When you think of the biggest fraud in human history, you probably don’t think of the Agricultural Revolution, but Yuval Noah Harari does. In his book Sapiens, Harari writes, “the Agricultural Revolution certainly enlarged the sum total of food at the disposal of humankind, but the extra food did not translate into a better diet or more leisure. Rather it translated into population explosions and pampered elites. The average farmer worked harder than the average forager, and got a worse diet in return. The Agricultural Revolution was history’s biggest fraud.”
The general picture of the Agricultural Revolution was humanity mastering crops and moving from the dangerous lifestyle and near starvation of foraging to bountiful harvests. The reality is that the agricultural revolution was a great disappointment in comparison. The first crops that humans domesticated were barely more productive than wild plants. Controlling land and planting crops was only slightly more effective and efficient than harvesting a lucky cache of wild edible plants. The work was hard and tedious, and a full day focused on a single crop meant that farmers were not out finding edible fruits, nuts, fungi, and animal meat to provide a well rounded and nourishing diet. Farmers ate what they grew, almost exclusively, and nutritional deficiencies were common.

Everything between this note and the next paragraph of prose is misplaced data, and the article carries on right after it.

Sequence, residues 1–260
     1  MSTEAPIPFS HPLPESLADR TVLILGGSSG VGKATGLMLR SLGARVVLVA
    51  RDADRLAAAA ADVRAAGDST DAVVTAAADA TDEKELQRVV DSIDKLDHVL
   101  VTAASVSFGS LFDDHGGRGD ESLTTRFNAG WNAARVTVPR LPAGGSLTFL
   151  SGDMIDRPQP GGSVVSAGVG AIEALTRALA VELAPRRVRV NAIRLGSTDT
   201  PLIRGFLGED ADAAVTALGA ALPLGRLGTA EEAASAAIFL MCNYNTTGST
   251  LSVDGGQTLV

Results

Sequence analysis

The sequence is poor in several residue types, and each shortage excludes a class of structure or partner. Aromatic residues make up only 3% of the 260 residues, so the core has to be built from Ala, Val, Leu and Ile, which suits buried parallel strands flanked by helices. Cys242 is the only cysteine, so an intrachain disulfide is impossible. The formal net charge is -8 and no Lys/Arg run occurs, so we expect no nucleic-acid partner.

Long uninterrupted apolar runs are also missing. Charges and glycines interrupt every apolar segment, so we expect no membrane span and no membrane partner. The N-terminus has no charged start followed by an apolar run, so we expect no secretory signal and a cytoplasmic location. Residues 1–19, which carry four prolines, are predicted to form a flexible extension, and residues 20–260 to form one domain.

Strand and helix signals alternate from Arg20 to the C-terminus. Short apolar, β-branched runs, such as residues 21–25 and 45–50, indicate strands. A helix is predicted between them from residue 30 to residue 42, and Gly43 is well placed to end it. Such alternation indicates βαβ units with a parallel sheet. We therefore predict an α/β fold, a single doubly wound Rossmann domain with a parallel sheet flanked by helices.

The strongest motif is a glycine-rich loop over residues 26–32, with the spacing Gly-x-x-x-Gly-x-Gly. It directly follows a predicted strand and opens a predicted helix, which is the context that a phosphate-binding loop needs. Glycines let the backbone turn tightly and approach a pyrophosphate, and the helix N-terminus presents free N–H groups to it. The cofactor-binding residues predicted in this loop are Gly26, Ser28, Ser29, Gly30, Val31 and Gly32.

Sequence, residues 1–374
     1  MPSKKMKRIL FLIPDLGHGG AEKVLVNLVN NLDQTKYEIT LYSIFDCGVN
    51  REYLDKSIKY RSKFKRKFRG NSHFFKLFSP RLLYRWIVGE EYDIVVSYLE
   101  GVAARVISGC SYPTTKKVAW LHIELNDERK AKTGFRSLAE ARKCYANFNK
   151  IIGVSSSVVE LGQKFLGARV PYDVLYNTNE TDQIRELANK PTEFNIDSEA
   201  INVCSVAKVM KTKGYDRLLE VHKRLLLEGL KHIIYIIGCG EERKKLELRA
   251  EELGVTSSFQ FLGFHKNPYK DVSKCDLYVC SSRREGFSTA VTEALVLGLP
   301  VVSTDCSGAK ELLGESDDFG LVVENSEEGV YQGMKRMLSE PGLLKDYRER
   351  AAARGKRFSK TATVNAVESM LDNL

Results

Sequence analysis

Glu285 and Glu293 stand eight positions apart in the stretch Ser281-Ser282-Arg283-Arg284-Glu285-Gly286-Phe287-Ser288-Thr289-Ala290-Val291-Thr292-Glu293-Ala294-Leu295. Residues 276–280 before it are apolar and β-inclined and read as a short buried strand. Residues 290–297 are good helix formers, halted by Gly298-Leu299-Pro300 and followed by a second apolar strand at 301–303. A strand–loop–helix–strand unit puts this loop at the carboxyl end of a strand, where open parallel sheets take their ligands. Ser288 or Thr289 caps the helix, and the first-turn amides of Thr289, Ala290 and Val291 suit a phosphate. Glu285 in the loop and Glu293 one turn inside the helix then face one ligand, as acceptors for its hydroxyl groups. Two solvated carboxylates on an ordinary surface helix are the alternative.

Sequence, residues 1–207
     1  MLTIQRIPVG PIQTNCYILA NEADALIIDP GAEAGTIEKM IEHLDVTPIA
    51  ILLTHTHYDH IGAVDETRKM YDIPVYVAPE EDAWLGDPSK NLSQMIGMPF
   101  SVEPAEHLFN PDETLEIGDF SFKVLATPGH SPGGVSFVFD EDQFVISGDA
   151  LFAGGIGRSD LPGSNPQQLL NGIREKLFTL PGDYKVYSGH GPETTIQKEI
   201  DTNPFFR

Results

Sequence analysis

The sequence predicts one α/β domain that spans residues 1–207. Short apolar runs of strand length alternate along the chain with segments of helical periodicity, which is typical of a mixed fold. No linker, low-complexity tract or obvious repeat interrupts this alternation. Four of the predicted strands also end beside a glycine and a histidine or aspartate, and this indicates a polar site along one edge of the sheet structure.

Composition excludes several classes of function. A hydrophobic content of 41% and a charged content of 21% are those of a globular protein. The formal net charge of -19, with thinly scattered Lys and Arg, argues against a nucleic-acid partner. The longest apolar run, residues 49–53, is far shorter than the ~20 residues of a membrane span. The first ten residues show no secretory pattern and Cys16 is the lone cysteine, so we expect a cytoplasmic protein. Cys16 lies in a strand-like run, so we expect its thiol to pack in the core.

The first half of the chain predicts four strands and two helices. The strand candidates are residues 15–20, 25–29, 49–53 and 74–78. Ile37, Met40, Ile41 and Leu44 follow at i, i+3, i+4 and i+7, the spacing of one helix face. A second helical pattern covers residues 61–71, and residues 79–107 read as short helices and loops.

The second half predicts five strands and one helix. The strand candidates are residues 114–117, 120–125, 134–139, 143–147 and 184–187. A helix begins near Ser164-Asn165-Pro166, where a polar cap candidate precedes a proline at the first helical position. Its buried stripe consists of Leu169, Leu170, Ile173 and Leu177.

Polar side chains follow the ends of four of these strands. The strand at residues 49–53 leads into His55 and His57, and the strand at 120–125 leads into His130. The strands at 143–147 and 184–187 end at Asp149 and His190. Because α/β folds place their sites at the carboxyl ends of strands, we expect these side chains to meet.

Harari finds it amazing that early humans were able to persevere through the early days of farming given the terrible tradeoff involved. Farming was not a clear bounty for humanity and was not an obvious plus for the species. It was not until substantial investments over time and smarter approaches to farming had been developed and implemented that the Agricultural Revolution began to pay off. Initially, it was a fraud, promising security and full bellies but instead delivering poor quality crops that didn’t meet a human’s nutritional needs while demanding incredible efforts.